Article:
'Knucklehead': Film Review

Courtesy of BAM Cinematek
A modest but sympathetic look at a character's struggle with illness and circumstance

Gbenga Akinnagbe plays a mentally ill man convinced that the right meds will fix his life.

Premiering here on the same day that some news reports speculated that antidepressants may have been a factor in the Germanwings airline crash, the quest at the heart of Ben Bowman's Knucklehead — in which a mentally ill man is obsessed with the belief that the right meds will make him "mentally excellent" — seems doubly misguided. Starring as the man in question, The Wire's Gbenga Akinnagbe offers a sympathetic performance in a film that will attract attention more for a brutal turn by Alfre Woodard as his controlling mother. Fest audiences should respond warmly to a slender character study that clings to optimism despite its troubled setting.

Akinnagbe's Langston Bellows and his streetwise brother, Julian (Amari Cheatom), still live with their mother, Sheila (Woodard), in a Bed Stuy apartment, sharing the gloomy space with a few zombie-like hangers-on whose relationships are never explained. Shelia likes to make her Tang with vodka and seems to get some kind of satisfaction from the notion that at least one of her sons would be helpless on his own. She alternates between banging her son around when frustrated and passing out with him in her arms.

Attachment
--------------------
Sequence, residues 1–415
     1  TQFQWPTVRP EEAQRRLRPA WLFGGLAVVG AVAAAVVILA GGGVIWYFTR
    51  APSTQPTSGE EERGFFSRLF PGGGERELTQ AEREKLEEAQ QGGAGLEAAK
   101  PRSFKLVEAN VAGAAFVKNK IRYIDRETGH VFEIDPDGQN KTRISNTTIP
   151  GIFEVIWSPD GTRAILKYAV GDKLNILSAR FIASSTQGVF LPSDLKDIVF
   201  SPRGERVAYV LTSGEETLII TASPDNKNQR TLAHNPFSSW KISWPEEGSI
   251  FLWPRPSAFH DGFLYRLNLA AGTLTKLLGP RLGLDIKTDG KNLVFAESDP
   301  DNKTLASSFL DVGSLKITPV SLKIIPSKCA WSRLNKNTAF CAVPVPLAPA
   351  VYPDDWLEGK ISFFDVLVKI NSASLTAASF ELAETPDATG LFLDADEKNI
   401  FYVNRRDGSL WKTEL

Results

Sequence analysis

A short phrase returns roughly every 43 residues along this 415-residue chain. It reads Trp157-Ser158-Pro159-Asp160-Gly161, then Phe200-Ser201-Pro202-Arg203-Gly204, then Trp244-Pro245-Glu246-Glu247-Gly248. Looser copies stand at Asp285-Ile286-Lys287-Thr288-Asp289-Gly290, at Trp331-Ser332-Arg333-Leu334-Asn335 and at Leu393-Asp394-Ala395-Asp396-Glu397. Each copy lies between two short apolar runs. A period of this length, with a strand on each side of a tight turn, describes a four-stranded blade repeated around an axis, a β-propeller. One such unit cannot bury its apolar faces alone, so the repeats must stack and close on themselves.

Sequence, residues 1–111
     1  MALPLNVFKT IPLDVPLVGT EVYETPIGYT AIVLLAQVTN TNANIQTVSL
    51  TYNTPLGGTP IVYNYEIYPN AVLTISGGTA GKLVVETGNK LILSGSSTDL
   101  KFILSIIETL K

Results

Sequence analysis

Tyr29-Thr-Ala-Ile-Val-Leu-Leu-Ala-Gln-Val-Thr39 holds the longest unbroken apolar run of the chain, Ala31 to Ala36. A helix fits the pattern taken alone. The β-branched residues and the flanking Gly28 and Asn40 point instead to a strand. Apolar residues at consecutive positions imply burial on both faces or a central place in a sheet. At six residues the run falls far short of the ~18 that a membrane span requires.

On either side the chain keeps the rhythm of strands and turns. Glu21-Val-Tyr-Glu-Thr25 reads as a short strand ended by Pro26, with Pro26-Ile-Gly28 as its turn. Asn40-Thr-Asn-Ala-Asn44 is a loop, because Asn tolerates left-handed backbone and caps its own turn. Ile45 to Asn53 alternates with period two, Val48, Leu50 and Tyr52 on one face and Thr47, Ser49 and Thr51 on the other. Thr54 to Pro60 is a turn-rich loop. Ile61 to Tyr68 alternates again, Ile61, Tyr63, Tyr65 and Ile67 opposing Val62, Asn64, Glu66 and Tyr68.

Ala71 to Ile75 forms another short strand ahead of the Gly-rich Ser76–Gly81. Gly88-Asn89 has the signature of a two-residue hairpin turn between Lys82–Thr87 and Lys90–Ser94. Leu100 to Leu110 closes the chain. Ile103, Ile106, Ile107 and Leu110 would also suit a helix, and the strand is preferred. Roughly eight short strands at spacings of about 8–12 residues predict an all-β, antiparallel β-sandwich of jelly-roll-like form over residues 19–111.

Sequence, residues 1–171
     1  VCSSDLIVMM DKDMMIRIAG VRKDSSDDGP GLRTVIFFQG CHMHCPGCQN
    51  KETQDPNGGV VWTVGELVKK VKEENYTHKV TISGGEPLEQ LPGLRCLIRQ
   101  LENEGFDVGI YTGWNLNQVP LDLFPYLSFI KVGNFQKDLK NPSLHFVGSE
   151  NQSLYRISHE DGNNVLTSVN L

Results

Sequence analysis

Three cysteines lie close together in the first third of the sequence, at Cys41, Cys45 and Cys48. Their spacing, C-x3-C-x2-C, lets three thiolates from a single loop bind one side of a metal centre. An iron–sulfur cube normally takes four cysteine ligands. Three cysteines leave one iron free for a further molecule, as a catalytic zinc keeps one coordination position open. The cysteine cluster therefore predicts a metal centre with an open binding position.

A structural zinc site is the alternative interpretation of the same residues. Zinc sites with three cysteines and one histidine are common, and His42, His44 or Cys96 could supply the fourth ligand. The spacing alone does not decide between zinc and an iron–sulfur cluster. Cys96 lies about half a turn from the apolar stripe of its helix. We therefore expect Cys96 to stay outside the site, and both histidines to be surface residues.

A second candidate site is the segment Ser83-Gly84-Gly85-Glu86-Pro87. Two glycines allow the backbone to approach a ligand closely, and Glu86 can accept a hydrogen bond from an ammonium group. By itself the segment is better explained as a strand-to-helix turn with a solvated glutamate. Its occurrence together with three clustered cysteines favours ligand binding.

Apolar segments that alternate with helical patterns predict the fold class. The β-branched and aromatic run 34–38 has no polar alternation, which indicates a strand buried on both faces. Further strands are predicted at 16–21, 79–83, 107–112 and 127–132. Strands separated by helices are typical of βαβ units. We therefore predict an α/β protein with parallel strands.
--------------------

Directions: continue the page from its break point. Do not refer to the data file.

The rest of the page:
The womanizing Julian is Langston's closest friend, but he doesn't believe Langston's claims to have a girlfriend and his plans to get an apartment "with a bathroom, a sink and a bed." We're not sure we believe them either — the film offers multiple cues that some elements of the young man's world are imaginary. That's certainly the case with the relationship between him and a quack doctor who pens magazine articles promoting "the power of two" — that is, doubling up on psychoactive drugs to increase their efficacy. Langston regularly scrawls crude letters to the huckster, begging for free prescriptions.

His pursuit of the doctor's help grows more intense when Langston's domestic situation is shaken up, but this is a mission we never see much reason to be hopeful about. In chronicling a brief period that feels more uneventful than it actually is, first-time helmer Bowman allows a few gentle laughs at Langston's naivete but only really scores in a few scenes paring him with adolescent neighbors. One of the kids, Justin S. Myrick's Arthur, has a smartass spark that animates scenes and balances the bleak situation at home.

Production company: Imaginary People

Cast: Gbenga Akinnagbe, Alfre Woodard, Amari Cheatom, Nikiya Mathis, Carla Duren, Justin S. Myrick, Lauren Hodges

Director: Ben Bowman

Screenwriters: Bryan Abrams, Ben Bowman

Producers: Gbenga Akinnagbe

Executive producers: Jonathan Gray, Debra Azemar

Director of photography: Soopum Sohn

Production designer: Rebecca Rock, Bradley Pearson

Costume designer: Tiffani R. Moore

Editor: Katie Ennis

Music: Michael Shobe, Benjamin Wright

 

No rating, 78 minutes

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